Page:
Gibson Les Paul Deluxe 1969 Reissue
Gibson Les Paul Deluxe 1969 Reissue

Les Paul Deluxe 1969 Reissue, LP-Shaped Guitar from Gibson in the Les Paul series.

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All user reviews for the Gibson Les Paul Deluxe 1969 Reissue

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Average Score:4.0(4/5 based on 1 review)
 1 user review100 %
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Hatsubai's review"Close to the original"

Gibson Les Paul Deluxe 1969 Reissue
One of the more successful P90 equipped guitars out there was the old Les Paul Deluxe that Gibson used to have around forever. They have since reissued the old, classic 1969 model which happens to be one of my favorite models, personally. The guitar features a mahogany body with a maple top, mahogany neck with a rosewood fretboard, 22 frets, trapezoid inlays, pickguard, binding, hard tail bridge, two P90s, two volumes, two tones and a three way switch.


The guitar was put together fairly nicely. There were no issues with the nut. The best way to tell is to simply play it. If you keep noticing you're going out of tune and it "pings" when you tune, that means the nut is cut improperly. The fretwork was also pretty good on this. I was able to achieve relatively low action without any real issues. The binding work looked nice, and the silver hardware didn't have any tarnish on it. The guitar didn't weigh a ton, and I found that to be a good thing as the super heavy guitars tend to be a bit dead sounding overall.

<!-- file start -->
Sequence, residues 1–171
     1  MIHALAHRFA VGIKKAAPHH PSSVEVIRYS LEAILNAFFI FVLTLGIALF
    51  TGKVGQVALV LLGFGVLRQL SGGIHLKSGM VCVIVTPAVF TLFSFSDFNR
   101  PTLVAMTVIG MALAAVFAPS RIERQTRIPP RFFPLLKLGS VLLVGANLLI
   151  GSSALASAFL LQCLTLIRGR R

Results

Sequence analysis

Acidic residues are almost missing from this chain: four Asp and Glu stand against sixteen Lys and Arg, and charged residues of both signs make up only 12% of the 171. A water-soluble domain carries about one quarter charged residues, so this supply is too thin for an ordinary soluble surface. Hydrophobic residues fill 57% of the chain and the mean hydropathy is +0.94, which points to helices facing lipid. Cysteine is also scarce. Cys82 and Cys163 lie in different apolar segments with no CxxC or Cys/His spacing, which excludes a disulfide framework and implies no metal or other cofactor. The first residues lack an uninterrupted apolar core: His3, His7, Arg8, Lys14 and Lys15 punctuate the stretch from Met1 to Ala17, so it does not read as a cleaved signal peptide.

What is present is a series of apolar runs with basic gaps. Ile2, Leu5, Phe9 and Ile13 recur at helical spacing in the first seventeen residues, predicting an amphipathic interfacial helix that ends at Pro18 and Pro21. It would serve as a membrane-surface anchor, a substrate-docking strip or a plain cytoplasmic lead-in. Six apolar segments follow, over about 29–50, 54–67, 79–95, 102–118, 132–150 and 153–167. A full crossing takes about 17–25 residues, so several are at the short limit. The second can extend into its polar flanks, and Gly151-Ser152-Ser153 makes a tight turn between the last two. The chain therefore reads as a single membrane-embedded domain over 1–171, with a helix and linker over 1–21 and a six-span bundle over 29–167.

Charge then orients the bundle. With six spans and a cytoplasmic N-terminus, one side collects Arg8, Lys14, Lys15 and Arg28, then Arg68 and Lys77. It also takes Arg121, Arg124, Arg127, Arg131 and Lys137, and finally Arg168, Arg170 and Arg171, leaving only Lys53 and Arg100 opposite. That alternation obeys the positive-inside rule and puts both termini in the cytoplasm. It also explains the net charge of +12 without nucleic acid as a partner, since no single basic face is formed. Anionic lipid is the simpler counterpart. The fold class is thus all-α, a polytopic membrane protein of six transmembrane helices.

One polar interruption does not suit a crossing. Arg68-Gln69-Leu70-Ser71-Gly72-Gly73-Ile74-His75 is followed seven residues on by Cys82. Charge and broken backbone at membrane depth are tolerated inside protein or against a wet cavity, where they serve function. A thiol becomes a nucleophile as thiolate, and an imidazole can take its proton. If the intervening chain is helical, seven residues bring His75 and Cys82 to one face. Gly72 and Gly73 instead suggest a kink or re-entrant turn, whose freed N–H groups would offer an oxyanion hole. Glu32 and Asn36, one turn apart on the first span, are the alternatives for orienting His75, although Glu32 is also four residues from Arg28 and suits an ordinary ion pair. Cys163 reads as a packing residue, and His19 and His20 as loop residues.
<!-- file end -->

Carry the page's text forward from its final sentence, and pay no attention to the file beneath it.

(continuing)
The P90s in this sounded great. The bridge was very organic sounding, and it had a great tone to it. I tried plugging this through an old school Fender, and it just delivered tone for days. It got that awesome, vowely kind of blues tone that killed. I then tried the neck, and I got a pretty good clean. I tend to prefer single coils or full sized humbuckers for cleans, but these can work nicely. I tried it through an old Plexi next, and that's where this guitar really came alive. The hard rock tone was just killer with this guitar. It can do both rhythm and leads without any issues at all.


If I had my choice, I'd probably buy one of these as I find they tend to be a bit more consistent than the older Gibsons. It's not that the newer Gibsons are put together. It's just that the older ones are so heavily played that you don't know what has happend with them. I've seen a lot with twisted necks, beat to hell and ones that just don't sound good at all. If you're buying used, you're going to be taking a chance, so keep that in mind.